Sat 7 Jun, 2003 12:57 am
During World War II, my uncle was a guard at a prisoner of war camp in New Jersey. At one point, he presented my parents with a souvenir. A spoon from the mess kit of one of the prisoners.
When I was a small child, I came to recognize the spoon as the chocolate pudding spoon. After my mother finished stirring the pudding, I got to lick the spoon. The spoon was always around. It's bigger than a soup spoon and smaller than a ladle and is a good size for lots of kitchen tasks.
When I was old enough to know what Nazis were, I asked why we had one of their spoons. My mother blithely informed me that it was a war souvenir. Okey dokey.
My mother is now in a nursing home. Some friends are helping me clean out her apartment. One of my friends found the spoon. When I first saw it, I smiled a big smile and said, "The Nazi spoon!" as if I were greeting an old friend. My friends looked at me as if I were nuts. I explained that the spoon was a Nazi spoon. I showed them the swastika and the German eagle. I also explained that I remembered the spoon more for the chocolate pudding than the swastika.
Now I'm brooding about the spoon. Should I keep it? I don't feel comfortable having it. Should I throw it away? That doesn't feel comfortable either. Should I sell it to some Nazi memorabilia collector? Also not comfortable.
You don't want to keep it it and don't want to sell it or throw it away?
Give it to a charity to sell in their next jumble sale.
It's probably quite "collectable".
It's probably worth more than you think, and the money will go to the charity of your choice.
McTag, Thanks for the suggestion. I'll give it some thought.
You could donate it to a Holocaust museum...
PDiddie, Thanks. More food for thought. I know someone at the Holocaust Museum in Washington. Maybe I'll give him a call. This might be just the solution I'm looking for.
There is also a museum here in the states somewhere that has covers of some of the POW camps here in the US where German POWs from WWII where housed.
I'll see if Google turns up any links...
I found 2:
Both of these are in AL but there may be others....
There is a complete list of all of the camps where Germans were housed in the US here:
PDiddie- I like your idea the best!
Why not keep the spoon (which is probably not a rare artifact) until you encounter a child who needs a historical memory; a talisman to tie a young individual to the past and the future?
Fishin', An interesting idea. POW museums. That's a real possibility. Thanks for the links.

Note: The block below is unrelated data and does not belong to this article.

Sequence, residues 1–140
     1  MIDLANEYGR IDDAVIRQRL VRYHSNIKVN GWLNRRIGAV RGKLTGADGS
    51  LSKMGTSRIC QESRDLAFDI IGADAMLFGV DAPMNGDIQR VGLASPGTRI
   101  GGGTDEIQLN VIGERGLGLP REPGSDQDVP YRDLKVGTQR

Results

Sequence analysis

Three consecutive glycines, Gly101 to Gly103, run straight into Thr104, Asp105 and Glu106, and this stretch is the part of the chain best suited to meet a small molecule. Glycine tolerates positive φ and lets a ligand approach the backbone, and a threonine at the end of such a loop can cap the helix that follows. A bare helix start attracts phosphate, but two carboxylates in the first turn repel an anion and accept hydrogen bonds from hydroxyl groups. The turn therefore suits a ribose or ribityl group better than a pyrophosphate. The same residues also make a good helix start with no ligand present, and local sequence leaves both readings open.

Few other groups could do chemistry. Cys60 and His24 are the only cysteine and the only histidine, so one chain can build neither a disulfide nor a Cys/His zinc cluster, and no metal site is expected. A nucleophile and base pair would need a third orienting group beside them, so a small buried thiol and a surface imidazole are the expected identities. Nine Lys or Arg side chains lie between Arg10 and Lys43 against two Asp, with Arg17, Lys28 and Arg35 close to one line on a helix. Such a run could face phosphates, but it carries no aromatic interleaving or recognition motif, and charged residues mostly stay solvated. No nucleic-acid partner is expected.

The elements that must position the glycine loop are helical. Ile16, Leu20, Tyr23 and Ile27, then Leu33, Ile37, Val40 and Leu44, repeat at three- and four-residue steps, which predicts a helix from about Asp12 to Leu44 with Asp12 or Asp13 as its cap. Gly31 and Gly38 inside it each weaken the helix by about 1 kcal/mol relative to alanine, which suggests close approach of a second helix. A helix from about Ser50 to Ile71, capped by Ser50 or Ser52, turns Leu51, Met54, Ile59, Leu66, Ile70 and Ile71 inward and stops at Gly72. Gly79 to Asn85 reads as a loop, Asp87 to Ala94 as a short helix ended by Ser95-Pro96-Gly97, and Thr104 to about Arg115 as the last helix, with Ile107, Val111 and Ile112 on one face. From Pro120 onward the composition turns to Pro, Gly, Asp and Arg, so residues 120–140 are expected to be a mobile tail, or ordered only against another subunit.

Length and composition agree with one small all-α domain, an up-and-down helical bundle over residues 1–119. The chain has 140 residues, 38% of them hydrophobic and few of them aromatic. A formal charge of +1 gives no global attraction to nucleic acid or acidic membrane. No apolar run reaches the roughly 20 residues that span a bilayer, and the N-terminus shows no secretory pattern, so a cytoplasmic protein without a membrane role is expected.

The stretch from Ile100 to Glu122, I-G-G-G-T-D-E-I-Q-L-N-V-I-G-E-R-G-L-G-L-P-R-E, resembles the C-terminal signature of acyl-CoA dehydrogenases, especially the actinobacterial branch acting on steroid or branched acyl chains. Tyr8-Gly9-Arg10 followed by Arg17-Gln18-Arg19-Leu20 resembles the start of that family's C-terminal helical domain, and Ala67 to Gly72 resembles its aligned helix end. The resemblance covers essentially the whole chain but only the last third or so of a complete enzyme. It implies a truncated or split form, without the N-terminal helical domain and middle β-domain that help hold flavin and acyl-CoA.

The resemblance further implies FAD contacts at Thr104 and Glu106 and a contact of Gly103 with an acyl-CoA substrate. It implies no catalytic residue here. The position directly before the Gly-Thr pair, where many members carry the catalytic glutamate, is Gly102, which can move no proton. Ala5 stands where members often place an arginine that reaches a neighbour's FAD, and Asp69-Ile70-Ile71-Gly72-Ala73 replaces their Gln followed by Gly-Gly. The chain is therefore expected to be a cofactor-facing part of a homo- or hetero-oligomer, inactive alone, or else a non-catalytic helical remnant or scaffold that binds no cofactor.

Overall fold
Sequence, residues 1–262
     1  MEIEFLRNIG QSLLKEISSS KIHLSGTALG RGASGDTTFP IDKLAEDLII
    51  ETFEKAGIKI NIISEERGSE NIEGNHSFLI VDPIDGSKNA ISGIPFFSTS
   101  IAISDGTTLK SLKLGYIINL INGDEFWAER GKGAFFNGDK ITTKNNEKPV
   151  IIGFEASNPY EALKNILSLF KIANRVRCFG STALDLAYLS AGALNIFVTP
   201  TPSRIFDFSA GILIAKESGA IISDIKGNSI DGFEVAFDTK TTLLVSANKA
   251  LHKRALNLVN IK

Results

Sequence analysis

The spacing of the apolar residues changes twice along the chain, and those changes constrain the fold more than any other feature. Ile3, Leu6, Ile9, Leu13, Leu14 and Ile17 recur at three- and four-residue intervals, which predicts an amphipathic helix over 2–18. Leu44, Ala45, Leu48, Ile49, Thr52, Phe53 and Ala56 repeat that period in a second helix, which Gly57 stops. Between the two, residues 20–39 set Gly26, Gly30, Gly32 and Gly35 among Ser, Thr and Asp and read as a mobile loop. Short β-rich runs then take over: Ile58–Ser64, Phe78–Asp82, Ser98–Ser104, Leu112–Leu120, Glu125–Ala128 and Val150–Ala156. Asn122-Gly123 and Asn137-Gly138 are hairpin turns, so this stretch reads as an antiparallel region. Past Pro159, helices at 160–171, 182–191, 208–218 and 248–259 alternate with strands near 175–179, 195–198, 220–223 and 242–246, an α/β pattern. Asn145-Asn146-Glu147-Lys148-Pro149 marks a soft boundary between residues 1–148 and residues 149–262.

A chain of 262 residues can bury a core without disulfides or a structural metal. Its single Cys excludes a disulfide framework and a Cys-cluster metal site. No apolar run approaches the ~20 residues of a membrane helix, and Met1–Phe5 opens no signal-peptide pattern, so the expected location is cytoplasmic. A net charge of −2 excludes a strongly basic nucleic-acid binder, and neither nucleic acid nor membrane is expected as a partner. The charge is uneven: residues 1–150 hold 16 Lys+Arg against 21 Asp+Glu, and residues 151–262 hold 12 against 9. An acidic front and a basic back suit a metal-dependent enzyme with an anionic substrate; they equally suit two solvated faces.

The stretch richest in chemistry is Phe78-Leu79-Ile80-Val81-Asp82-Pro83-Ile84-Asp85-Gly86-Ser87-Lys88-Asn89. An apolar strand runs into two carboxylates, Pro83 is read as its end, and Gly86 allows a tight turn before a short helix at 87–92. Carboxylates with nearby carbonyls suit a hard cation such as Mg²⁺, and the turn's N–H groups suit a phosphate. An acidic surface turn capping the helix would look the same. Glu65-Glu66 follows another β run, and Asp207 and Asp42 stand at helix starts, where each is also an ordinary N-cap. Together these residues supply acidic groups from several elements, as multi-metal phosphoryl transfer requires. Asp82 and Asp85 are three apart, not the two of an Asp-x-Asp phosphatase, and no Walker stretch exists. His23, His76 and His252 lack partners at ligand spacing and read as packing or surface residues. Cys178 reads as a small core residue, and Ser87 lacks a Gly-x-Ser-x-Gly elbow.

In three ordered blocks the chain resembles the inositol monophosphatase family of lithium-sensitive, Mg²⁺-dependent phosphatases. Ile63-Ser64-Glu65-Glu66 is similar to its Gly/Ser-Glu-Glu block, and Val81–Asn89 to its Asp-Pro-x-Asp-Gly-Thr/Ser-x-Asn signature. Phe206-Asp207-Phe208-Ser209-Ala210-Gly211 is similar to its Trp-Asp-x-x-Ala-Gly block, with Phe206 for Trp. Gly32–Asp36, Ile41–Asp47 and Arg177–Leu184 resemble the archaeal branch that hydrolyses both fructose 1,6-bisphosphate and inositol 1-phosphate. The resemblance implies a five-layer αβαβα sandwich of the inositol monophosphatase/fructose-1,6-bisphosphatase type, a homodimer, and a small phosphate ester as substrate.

Noddy, Another thought-provoking suggestion. But I frankly can't think of a situation in which I would want to give a child a Nazi spoon.
It must be fairly obvious by now that the damned thing makes me uncomfortable.
Roberta, I was thinking that you might want to keep it because it is your CHOCOLATE SPOON. It has nothing to do with Nazis in YOUR life. But if your mind has now come to identify it with the Nazi nightmare. Get rid of it. Keeping it may be a symbolic gesture (say about your childhood), getting rid of it may also a symbolic gesture, say about your rejection of Nazi ideas and actions. Do with it what you want to symbolize in the doing.
Actually, I'm not that sure, if it is a "Nazi"-spoon at all:
the offical enblem of the German Reich from 15th September 1935 to 8th May 1945 had been both the swastika and the eagle.
Stuff, only used by Nazi-organisations, never had both enblems.
So, this could be part of the cutlery of the 'Mitropa'-dining waggons (dining cars on German railways) or any other similar, 'state-oriented' organisation. Or just a 'souvenir' from some touristic place. Or ...
But as said: it could have NEVER been related to an exclusively Nazi-organisation.
Surely, such item as spoon, cannot be considered "Nazi". When I was a teenager I used to collect foreign change coins. One of the coins I had was 50 Reichspfennig issued in 1939, and there were present both swastika and an eagle on the reverse side. But I am sure that not all the people that used it for payments were devout Nazis. Majority were not, I guess, they were plain German citizens that had a bad luck to live under Hitler's rule.
Roberta, obviously this is your decision, however, I would like to strongly second PDiddie's suggestion and Phoenix' same recommendation. To me, the only moral thing is to donate it to the Holocaust Museum. But, then again, I have strong feelings on that whole subject area.
My first instinct: The spoon contains memories. Also, some
uncomfortable adult symbols, but nothing can dominate chocolate pudding!
It makes you smile.
Respect your own history. Keep it in the attic or a scrapbook
in case you ever get old, or if you would want to share the story
with even just yourself.
A friend suggested that I go with my first reaction--a smile for my old chocolate pudding spoon. I'm thinking about whether I can manage this, considering the symbols on the spoon.
Walter, I don't know how the spoon managed to get to my uncle if it wasn't government issue.
Steissd, It's not a Nazi spoon as an official artifact of the Nazi government. It's a Nazi spoon because that's how my family referred to it.
Sweetcomplication, I have very strong feelings on the subject, too. As did my family. In retrospect, I'm amazed that my mother had no qualms about using it.
That nazi emblem was a symbol of honor and worship to a man quite evil and most skilled at the damning perverted art of deception and you must not have it and you must not give it to any one you wouldnt want to torment with a curse. get rid of it in a place no one would like to even go near for the smell and I dont mean the cattle slaughter house pastures, God loves cows too (not in the sence he loves humans) i mean the trash. NOW! out of respect for the sacred life of the jews and the sacred life of anyone you ever loved and as worship to THE Lord Alpha And Omega . in yahwehs pressious name amen.
It's in my kitchen drawer.